By J. Stephen Lang
Finding an Anchor for the Storms of Life
The old sailor looked at the skies and saw a dark storm coming. As the sea became rough and choppy, the old salt calmly lowered the heavy-chained anchor link by link, battened down the hatches and went to bed for the night.
He knew the storm would be rough. But he had faith in the grasp of the anchor. He knew his boat would be there in the morning.
Like that sailor, we have an “anchor” for our lives that can help us stand fast through the storms of life. It’s called hope.
In biblical terms, hope is closely allied with faith.
The writer of Hebrews tells us that, faith is “the assurance of things hoped for” (Hebrews 11:1). Hope, therefore, is the object upon which we direct our focus and energies.
To the Christian, hope is the knowledge that we are being changed for the better as we trust in God’s promises (Romans 8:28). It is the conviction that no matter the circumstances, God’s plans for our lives are “for good and not for disaster, to give you a future and a hope” (Jeremiah 29:11b NLT).
The Bible is full of examples of men and women who hoped in God’s promises. The patriarch Abraham is held up for believers as a model of hope.
When Abraham was 75, God promised to bless him and give him many descendants, as numerous as the stars in the sky. Abraham heard these words and believed God (Genesis 15:6).
But despite his belief, Hebrews 6:15 explains, Abraham had to wait 25 years to see the fulfillment of his hope. Yet all the while, Abraham trusted in God, the Author of his hope, until he saw the promise come to pass.
You see, Abraham’s hope wasn’t in his own ability to father a child. It was rooted in a trustworthy, unchangeable God, and in His eternal promises.
The writer of Hebrews explains that God wants us to take encouragement from His character and hope in Him (Hebrews 6:16-18). In fact, the Scriptures describe this hope ” as an anchor of the soul, a hope both sure and steadfast” (Hebrews 6:19a).
What can cause our hope to go sour? Often, we hope in the wrong things. It’s so easy to place our hope in the wrong things. It’s so easy to place our hope in this material world — what we can see, taste, touch, and feel. These things are controllable to us. But God says His kingdom is not of this world (John 18:36). In fact, the things of this world do not provide a firm foundation for our lives (Colossians 2:8).
Only when we look to the truly firm foundation for living — Jesus Christ — will we find a hope that can anchor our souls. It all begins with our relationship with God. If you have not been “born again,” your hope is simply misplaced. If you are feeling hopeless right now, consider where your primary hope is grounded. If it’s not in Jesus, come to Him now to find a hope unlike any other.
Jesus offers His hope freely to all who willingly come to Him, acknowledge their sin, and trust in His cleansing blood for eternal life. “I am the resurrection and the life,” Jesus said, “He who believes in Me shall live even if he dies, and everyone who lives and believes in Me shall never die” (John 11:25-26a).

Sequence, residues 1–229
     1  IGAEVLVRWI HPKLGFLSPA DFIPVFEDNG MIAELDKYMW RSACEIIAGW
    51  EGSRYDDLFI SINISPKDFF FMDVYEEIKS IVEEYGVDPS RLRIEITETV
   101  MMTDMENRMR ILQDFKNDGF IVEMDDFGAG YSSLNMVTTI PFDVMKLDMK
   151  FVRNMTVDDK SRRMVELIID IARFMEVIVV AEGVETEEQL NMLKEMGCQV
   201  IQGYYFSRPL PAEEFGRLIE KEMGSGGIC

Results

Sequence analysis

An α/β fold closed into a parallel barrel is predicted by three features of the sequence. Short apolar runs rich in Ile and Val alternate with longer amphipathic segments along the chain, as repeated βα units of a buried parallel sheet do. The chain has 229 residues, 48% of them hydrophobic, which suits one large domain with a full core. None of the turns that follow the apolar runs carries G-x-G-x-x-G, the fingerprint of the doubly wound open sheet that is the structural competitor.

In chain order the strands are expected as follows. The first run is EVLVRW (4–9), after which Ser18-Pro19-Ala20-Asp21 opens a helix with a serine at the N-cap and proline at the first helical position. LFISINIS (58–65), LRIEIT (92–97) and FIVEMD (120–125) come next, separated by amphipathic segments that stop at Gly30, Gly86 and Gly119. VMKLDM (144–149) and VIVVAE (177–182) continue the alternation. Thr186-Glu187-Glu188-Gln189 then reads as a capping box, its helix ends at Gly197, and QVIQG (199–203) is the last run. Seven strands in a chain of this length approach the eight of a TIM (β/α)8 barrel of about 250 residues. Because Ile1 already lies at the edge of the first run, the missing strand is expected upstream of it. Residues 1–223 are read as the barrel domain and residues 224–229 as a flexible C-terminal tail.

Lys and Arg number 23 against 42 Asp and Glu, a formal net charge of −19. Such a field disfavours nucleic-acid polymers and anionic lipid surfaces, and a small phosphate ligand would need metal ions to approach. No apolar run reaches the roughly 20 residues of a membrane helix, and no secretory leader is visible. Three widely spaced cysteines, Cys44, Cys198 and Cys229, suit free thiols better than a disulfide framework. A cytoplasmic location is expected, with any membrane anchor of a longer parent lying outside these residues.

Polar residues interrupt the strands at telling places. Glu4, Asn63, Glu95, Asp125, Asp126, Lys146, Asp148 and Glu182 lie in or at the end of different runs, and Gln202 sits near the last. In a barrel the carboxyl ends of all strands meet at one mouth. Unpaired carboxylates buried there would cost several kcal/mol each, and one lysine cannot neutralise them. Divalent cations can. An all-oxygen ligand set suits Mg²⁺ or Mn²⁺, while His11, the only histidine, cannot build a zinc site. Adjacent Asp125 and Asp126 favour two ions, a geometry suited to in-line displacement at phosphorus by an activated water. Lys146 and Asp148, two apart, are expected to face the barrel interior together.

Building a Foundation of Hope
Even if you know Jesus as your Savior, you can still lose hope. We learn from Proverbs that “hope deferred makes the heart sick” (Proverbs 13:12). When our hopes are delayed, we can be overcome by a deep sense of despair.
So, how did Abraham do it? How did he remain hopeful for more than two decades? Look at Abraham’s relationship with God: he was a friend of God (2 Chronicles 20:7); he was also God’s servant (Genesis 26:24); and he was totally obedient (Genesis 22).
You can do the same. Here are four practical steps you can take every day to build a sure foundation of hope that will carry you through the storms of life:
- Submit yourself to God. God is the source of our hope. Come to Him in humility and He will restore you (1 Peter 5:6-7).
- Strengthen your faith. Allow God’s previously fulfilled promises to renew your hope. God has given us written record of countless ways He has provided hope for believers in centuries past. Look to these marvelous accounts for renewal (1 Chronicles 16:11-21).
- Trust God’s timing. Sometimes God answers our prayers and fulfills our hopes quickly. At other times, for His own divine reasons, He allows us to wait. Remember, it was through faith and patience that Abraham’s hope was fulfilled.
- Thank God today. Though it’s arduous to rejoice as we wait for hopes to be fulfilled, rejoicing enables God to perfect us in ways we are unable to see at the time. And this kind of hope, purified in the crucible of waiting, and sometimes suffering, “does not disappoint” (Romans 5:1-5).
As You Pray
Have you lost hope? You can regain lost hope, with Jesus’ help. Right now, turn to the Author of all hope and rest in Him.
Pray this prayer:
“Father, forgive me for not seeing You as You truly are. Please use Your Word to encourage me. Help me to hide it in my heart. Let Your Holy Spirit direct me moment-by-moment as I wait in the hope You have given me through our Lord Jesus Christ. In Jesus’ name. Amen.”
God’s Word on Hope
“This hope we have as an anchor of the soul, a hope both sure and steadfast” (Hebrews 6:29a).
The Book of God’s Promises, © J. Stephen Lang. All rights reserved. Used with permission.
Scripture references are taken form the New American Standard translation of the Bible